In 1997, the National Institutes of Health Consensus Development Panel suggested that acupuncture may be effective or useful in treating 14 disorders, including headache. The history of the practice of acupuncture in the United States and the theoretical framework for acupuncture in Chinese medicine are reviewed. The basic scientific background and clinical application of acupuncture in headache management are discussed.
Historical note and terminology
Acupuncture is an important therapy in East Asian medicine, the traditional medicine of China, Japan, and Korea. With the growth of interest in alternative medicine, acupuncture has become more popular in the United States as a treatment option. Despite the fact that more scientific studies are needed to confirm the efficacy of acupuncture, the National Institutes of Health Consensus Development Panel issued a report in November 1997 stating that acupuncture may be effective in several conditions and situations (NIH Consensus Conference 1998). The National Institutes of Health Consensus Development Panel concluded that promising results have emerged, for example, showing efficacy of acupuncture in adult postoperative and chemotherapy nausea and vomiting and in postoperative dental pain. There are other situations such as addiction, stroke rehabilitation, headache, menstrual cramps, tennis elbow, fibromyalgia, myofascial pain, osteoarthritis, low back pain, carpal tunnel syndrome, and asthma, in which acupuncture may be useful as an adjunct treatment, an acceptable alternative, or be included in a comprehensive management program.
To western thinking, it is difficult to understand how acupuncture relieves headache by placing needles in the scalp, moreover, by treating points in the hands and feet. This essay briefly reviews the historical and theoretical framework for acupuncture, the scientific evidence for its efficacy in headache relief, and its safety profile.
Acupuncture is thought to have existed in China in 1 form or another since at least the Xia Dynasty (2000 to 1500 BC) (Helms 1995). The earliest major source on acupuncture is found in the textbook Huang Di Nei Jing (Yellow Emperor's Inner Classic) from the Han Dynasty (200 BC to 100 AD) (Helms 1995). It was first brought to Europe in the 1700s and was introduced to the United States during the 19th to 20th centuries. Acupuncture treatment for lumbago was recommended in Sir William Osler's The Principles and Practice of Medicine, from the first 1892 edition through the sixteenth and final edition in 1947 (Helms 1995). In the 1950s China reported the use of electroacupuncture to obtain surgical analgesia (Ulett et al 1998). In 1996 the United States Food and Drug Administration changed the classification of acupuncture needles from Class III (experimental) medical devices to Class II (nonexperimental but regulated) medical devices (Eskinazi and Jobst 1996). Being Class III hindered standard use of acupuncture, as it could only be performed in approved research settings (eg, hospital laboratories). By November 1997 the National Institutes of Health Consensus Development Panel had concluded that acupuncture was effective or useful in 14 disorders, including headache.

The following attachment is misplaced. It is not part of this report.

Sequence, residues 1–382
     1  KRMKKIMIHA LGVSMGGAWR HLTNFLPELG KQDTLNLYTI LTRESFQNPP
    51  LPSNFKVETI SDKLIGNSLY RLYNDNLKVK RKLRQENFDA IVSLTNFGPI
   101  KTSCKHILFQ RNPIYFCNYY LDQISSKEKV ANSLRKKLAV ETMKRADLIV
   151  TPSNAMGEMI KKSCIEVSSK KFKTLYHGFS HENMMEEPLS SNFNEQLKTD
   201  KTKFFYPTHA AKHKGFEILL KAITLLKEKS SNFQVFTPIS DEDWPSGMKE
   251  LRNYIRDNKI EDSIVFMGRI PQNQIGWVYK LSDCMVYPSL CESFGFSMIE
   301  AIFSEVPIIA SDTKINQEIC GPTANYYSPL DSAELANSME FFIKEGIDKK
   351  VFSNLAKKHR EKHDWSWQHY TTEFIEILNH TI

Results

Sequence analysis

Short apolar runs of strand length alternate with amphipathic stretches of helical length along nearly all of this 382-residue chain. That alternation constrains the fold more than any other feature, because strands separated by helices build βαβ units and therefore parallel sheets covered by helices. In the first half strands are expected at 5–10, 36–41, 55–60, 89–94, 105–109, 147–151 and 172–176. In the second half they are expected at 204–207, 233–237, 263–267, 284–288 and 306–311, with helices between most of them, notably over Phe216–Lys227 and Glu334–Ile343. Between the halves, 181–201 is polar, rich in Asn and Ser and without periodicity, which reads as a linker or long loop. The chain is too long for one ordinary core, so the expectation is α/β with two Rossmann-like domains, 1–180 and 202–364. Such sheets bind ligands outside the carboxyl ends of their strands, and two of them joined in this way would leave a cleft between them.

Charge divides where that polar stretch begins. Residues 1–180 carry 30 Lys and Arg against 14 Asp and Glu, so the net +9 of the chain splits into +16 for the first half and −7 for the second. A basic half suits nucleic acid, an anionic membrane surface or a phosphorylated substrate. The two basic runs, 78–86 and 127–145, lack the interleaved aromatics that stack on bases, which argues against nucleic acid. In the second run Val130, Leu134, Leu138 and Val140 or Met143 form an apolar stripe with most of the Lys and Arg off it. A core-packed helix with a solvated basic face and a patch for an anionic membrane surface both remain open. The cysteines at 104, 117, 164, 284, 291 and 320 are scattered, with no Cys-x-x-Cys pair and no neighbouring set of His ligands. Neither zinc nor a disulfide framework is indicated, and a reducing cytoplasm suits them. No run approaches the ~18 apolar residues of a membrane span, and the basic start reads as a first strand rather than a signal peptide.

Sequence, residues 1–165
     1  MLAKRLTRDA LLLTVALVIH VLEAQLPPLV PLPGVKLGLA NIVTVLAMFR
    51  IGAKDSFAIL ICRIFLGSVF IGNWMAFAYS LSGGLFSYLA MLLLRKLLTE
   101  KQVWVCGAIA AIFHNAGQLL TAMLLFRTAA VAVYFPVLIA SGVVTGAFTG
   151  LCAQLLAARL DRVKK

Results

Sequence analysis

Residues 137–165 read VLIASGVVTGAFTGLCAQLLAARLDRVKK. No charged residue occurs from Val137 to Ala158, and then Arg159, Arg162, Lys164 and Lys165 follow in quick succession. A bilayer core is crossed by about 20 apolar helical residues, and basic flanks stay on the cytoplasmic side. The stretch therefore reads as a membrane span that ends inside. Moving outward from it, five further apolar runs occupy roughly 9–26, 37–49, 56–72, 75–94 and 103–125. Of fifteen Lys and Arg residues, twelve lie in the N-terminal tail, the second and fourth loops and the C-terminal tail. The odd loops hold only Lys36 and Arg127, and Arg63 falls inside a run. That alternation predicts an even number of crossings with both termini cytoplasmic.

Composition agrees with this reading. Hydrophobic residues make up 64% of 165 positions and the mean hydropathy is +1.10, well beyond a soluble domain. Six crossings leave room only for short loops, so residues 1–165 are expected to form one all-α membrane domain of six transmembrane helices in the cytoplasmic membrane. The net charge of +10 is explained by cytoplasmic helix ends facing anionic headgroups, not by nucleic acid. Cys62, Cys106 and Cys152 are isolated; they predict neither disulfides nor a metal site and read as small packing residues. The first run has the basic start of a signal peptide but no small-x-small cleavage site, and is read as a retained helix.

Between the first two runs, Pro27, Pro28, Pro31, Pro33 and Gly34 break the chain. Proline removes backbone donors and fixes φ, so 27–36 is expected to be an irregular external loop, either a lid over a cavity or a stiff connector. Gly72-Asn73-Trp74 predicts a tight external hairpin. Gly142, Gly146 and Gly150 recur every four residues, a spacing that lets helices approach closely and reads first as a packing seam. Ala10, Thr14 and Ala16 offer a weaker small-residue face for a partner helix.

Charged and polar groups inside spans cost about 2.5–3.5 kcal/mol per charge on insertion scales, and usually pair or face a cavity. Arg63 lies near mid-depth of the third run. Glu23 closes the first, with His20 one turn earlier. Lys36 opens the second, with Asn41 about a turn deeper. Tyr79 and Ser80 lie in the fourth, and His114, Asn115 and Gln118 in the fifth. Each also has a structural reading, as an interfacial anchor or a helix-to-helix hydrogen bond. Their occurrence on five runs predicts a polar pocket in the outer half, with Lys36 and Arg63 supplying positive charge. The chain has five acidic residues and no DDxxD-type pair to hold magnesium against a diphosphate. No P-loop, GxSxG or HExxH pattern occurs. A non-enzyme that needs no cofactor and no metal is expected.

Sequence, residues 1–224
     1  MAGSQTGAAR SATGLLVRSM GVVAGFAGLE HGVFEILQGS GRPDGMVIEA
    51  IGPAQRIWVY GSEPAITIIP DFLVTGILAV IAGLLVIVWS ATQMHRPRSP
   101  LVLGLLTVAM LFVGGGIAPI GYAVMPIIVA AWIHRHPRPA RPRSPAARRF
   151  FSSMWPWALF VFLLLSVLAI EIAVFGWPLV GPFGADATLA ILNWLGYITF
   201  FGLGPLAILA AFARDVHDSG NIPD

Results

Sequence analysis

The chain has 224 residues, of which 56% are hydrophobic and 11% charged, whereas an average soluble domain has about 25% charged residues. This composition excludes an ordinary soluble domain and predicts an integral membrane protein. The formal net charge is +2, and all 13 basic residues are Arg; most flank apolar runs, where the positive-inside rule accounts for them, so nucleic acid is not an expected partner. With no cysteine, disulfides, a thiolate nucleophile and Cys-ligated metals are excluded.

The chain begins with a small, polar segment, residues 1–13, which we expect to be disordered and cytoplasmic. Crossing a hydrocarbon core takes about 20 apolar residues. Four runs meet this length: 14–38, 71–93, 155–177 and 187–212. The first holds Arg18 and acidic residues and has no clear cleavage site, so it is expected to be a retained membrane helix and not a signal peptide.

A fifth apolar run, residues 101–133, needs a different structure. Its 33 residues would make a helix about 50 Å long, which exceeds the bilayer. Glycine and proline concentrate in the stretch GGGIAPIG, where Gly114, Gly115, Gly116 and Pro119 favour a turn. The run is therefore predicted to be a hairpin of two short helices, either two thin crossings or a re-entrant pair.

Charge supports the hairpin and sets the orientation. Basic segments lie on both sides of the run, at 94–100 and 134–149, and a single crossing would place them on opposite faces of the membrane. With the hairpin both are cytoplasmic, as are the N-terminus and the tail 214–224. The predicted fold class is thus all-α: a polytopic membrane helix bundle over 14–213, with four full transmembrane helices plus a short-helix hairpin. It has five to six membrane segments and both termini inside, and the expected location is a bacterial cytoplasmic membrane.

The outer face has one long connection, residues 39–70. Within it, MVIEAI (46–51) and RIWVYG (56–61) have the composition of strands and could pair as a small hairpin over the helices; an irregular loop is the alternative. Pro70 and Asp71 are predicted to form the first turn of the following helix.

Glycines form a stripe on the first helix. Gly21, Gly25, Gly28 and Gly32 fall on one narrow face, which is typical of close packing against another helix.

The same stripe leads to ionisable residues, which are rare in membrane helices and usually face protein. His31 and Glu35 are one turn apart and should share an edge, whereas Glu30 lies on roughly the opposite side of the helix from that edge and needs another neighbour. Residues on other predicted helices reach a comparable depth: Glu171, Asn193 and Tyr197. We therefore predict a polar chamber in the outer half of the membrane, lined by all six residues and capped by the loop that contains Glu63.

From the Chinese perspective, acupuncture is necessarily embedded in a complex theoretical framework that provides conceptual and therapeutic directions. The theories of yin and yang, 5 elements (the evolutionary phases of fire, earth, metal, wood, and water), Qi (vital energy), meridians, and collaterals provide the most important guidance for acupuncture treatment. These theoretical principles are briefly described below.
Yin and yang. The concept of yin and yang is the generalization of the 2 opposite aspects in related objects and phenomena in the natural world. The Chinese believe that all the objects in the universe include the 2 opposite aspects of Yang and Yin, for instance day and night, heat and cold, motion and tranquility, sympathetic and parasympathetic functions. Yin and Yang theory is among the most important principles underlying the practice of all Chinese medicine, including acupuncture. Disease and pain are the result of imbalance of the Yin and Yang, and acupuncture treatment aims to restore the balance.